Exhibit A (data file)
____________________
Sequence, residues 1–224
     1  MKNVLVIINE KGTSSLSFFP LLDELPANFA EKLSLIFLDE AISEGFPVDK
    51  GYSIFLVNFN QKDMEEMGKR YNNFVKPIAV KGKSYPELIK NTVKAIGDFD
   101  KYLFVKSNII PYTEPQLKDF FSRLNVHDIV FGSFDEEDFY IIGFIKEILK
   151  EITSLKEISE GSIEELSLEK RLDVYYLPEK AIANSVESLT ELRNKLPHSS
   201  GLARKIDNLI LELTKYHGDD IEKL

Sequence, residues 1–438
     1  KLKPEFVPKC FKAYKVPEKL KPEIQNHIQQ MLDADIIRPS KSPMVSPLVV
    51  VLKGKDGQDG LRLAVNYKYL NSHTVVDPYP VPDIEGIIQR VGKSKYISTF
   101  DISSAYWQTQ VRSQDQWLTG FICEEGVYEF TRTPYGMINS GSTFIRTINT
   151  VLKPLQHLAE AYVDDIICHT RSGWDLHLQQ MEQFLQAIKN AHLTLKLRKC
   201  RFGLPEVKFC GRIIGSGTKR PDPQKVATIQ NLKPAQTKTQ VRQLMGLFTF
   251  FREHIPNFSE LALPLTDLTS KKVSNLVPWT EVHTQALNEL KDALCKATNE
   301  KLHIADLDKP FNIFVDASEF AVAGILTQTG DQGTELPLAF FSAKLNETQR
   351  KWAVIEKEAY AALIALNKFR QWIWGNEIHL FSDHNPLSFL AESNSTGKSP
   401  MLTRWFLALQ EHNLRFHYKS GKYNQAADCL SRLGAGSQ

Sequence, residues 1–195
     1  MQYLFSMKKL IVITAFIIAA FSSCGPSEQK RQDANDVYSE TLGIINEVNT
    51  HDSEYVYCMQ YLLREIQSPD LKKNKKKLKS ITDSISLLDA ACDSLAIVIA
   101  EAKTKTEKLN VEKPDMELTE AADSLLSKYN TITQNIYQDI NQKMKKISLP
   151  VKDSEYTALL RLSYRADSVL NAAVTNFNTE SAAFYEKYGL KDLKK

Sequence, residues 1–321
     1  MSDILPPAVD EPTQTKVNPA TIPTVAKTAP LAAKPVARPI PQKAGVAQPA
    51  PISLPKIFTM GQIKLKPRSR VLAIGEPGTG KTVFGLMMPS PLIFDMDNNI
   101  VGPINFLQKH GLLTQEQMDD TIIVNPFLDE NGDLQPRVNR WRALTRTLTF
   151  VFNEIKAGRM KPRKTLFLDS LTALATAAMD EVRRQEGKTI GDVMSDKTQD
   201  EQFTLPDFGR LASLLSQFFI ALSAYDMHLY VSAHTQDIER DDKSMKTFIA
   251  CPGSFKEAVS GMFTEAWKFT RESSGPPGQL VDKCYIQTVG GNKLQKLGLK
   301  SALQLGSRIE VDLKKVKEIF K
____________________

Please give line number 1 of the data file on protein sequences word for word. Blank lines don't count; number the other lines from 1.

Sequence, residues 1–224